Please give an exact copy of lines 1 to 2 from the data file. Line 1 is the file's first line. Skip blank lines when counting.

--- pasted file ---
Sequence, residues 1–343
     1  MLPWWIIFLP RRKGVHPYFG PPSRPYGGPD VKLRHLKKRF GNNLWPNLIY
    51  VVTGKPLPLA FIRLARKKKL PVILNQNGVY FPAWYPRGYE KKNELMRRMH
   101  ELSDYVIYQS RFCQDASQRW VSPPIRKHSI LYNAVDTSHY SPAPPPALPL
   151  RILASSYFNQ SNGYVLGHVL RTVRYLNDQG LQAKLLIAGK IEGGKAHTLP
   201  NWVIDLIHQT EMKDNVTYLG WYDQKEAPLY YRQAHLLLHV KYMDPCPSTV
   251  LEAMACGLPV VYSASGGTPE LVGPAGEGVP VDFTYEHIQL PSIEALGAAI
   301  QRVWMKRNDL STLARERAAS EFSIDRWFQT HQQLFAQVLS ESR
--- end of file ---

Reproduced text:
Sequence, residues 1–343
     1  MLPWWIIFLP RRKGVHPYFG PPSRPYGGPD VKLRHLKKRF GNNLWPNLIY